Things that I have heard… and often ignored.
Because I am not a racist. Because I would never say such hateful things or pass on racism to my children. Because I am leading by example and being the change I want to see in the world… and surely, that is enough. Except, as Kelly reminded me, it’s not. It’s not enough because when I sit at family functions or with friends I’ve known since childhood, and I hear people who are otherwise very good people make ignorant, racist remarks, my silence is interpreted as acceptance. Validation. A quiet seal of approval that this is just the way things are.
And just like that, I have become part of the problem – regardless of the otherwise “good example” I set in my own life.
And the sad truth is, I have more power to stop racism than Kelly does, simply because I will never find myself a victim of it. When she speaks out, her voice is tainted to those who need to hear her most. She touches me, surely. But it is not my heart that needs to be softened or my mind that needs to be changed. The truth is that in order for some people to hear Kelly’s voice, they need to hear mine as well.
It is not enough for me to simply walk the high road in silence, while Kelly continues to struggle to have her story be heard.
By all means, let’s be the change in our own lives first. But then… but then…
Slavery did not end because owned men and women stood up for themselves. Slavery ended because free people stood beside owned people and said, “Enough. No more.”
The Civil Rights Movement did not succeed simply because African-Americans finally stood up for themselves. It gained traction and power when nine powerful, affluent, un-oppressed white men used their power and privilege and position to say, “Enough. No more.”
It is not enough to quietly be the change in our own lives and hope that our dignified silence will drown out the deafening noise of racists and bullies and bigots and extremists.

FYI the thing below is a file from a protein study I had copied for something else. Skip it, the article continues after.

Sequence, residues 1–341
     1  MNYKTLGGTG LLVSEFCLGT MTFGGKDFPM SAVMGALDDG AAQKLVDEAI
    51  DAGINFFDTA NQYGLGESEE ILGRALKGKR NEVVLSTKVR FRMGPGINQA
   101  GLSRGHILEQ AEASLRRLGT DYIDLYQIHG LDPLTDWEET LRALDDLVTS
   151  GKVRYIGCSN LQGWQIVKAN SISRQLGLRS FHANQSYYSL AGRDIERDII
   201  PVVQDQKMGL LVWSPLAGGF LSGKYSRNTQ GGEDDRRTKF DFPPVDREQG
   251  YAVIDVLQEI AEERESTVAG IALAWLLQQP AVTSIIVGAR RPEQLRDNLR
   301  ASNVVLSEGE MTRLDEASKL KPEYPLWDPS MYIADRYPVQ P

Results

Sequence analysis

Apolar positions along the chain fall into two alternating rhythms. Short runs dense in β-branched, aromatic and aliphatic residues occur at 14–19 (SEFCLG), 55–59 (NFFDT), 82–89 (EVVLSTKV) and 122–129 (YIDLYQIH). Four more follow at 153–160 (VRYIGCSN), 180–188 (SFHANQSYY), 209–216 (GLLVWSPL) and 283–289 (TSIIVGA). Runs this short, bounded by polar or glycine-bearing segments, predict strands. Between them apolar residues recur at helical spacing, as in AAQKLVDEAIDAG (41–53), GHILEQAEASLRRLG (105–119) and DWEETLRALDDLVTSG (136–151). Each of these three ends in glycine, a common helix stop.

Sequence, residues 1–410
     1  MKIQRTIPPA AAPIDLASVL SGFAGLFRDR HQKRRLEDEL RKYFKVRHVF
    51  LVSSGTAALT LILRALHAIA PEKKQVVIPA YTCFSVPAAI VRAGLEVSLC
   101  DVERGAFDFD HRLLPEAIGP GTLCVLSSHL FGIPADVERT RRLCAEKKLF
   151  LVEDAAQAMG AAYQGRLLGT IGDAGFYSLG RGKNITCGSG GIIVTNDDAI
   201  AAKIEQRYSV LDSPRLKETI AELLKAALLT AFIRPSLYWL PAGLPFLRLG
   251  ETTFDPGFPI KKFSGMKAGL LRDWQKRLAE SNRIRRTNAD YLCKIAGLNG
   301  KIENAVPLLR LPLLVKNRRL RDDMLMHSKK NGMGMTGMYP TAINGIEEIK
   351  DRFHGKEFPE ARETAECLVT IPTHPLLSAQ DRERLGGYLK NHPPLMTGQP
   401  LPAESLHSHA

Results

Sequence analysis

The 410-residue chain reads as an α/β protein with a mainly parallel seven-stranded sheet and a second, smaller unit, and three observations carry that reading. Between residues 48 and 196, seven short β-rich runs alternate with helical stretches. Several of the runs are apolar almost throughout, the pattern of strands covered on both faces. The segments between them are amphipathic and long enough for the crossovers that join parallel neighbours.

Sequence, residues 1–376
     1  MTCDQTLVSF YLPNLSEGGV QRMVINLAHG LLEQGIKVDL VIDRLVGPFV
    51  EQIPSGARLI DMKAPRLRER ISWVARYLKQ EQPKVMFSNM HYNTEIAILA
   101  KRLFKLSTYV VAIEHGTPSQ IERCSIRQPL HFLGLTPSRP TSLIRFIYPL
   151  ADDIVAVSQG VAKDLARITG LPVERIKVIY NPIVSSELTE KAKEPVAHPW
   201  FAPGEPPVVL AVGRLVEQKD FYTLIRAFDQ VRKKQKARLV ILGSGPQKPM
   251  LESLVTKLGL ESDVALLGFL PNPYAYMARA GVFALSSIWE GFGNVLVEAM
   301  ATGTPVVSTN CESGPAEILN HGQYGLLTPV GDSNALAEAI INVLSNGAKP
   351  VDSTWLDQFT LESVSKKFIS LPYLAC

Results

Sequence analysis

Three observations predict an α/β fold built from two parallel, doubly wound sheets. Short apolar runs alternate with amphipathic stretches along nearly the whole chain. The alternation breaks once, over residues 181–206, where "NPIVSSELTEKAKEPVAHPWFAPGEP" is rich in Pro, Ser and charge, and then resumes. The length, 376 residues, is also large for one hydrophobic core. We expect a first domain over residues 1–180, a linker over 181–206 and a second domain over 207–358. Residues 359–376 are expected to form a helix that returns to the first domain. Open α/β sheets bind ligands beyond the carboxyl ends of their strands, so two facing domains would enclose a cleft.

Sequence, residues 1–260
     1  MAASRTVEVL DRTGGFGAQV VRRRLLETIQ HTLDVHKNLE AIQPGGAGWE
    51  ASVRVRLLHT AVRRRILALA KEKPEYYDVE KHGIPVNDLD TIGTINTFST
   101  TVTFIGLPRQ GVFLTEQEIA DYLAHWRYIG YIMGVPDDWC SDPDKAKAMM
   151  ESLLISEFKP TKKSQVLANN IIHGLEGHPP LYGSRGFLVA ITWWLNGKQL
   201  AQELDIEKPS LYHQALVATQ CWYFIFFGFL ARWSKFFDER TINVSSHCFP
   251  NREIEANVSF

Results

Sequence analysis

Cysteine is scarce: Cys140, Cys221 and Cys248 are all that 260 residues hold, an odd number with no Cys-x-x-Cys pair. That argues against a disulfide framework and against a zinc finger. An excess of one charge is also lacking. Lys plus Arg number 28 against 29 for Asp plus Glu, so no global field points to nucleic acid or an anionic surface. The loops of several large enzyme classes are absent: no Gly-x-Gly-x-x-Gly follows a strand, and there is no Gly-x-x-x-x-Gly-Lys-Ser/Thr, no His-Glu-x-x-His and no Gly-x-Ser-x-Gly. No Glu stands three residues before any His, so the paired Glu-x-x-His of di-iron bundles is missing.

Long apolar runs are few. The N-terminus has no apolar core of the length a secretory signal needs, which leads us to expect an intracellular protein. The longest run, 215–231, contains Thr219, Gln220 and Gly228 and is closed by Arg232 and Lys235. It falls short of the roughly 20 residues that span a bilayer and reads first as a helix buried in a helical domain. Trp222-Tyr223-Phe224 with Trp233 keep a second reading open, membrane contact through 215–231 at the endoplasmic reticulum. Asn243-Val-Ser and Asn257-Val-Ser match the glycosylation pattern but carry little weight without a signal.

It’s not enough to be quietly supportive of your homosexual friends, while saying nothing when your straight friends make homophobic jokes.
It’s not enough to quietly cast a vote representing your carefully thought out conservative ideals, while saying nothing when extremists in your party incite violence in your name.
It’s not enough to treat your own wife and daughters and sisters with dignity and respect, while saying nothing about the violent fights you overhear from your neighbor’s house.
It’s not enough, sometimes, for people to stand up for themselves. Sometimes, people who stand up for themselves need good, strong, decent people to voluntarily choose to stand up beside them.
Change happens when voices who already possess power and respect dare to speak out. Change happens when people who are safe and untouchable lend their credibility and protection to those who are not.
Change happens when we become the change we want to see in the world, and then say to the rest of the world “Enough. No more.”
Kelly, I am so sorry for all the times I have had the opportunity to stand up for you and chose to let you fight alone, instead. I promise to lend you my voice, even when you’re not around to hear it be used, whenever you may need it. I promise to spread the word. “Enough. No more. This door not open.“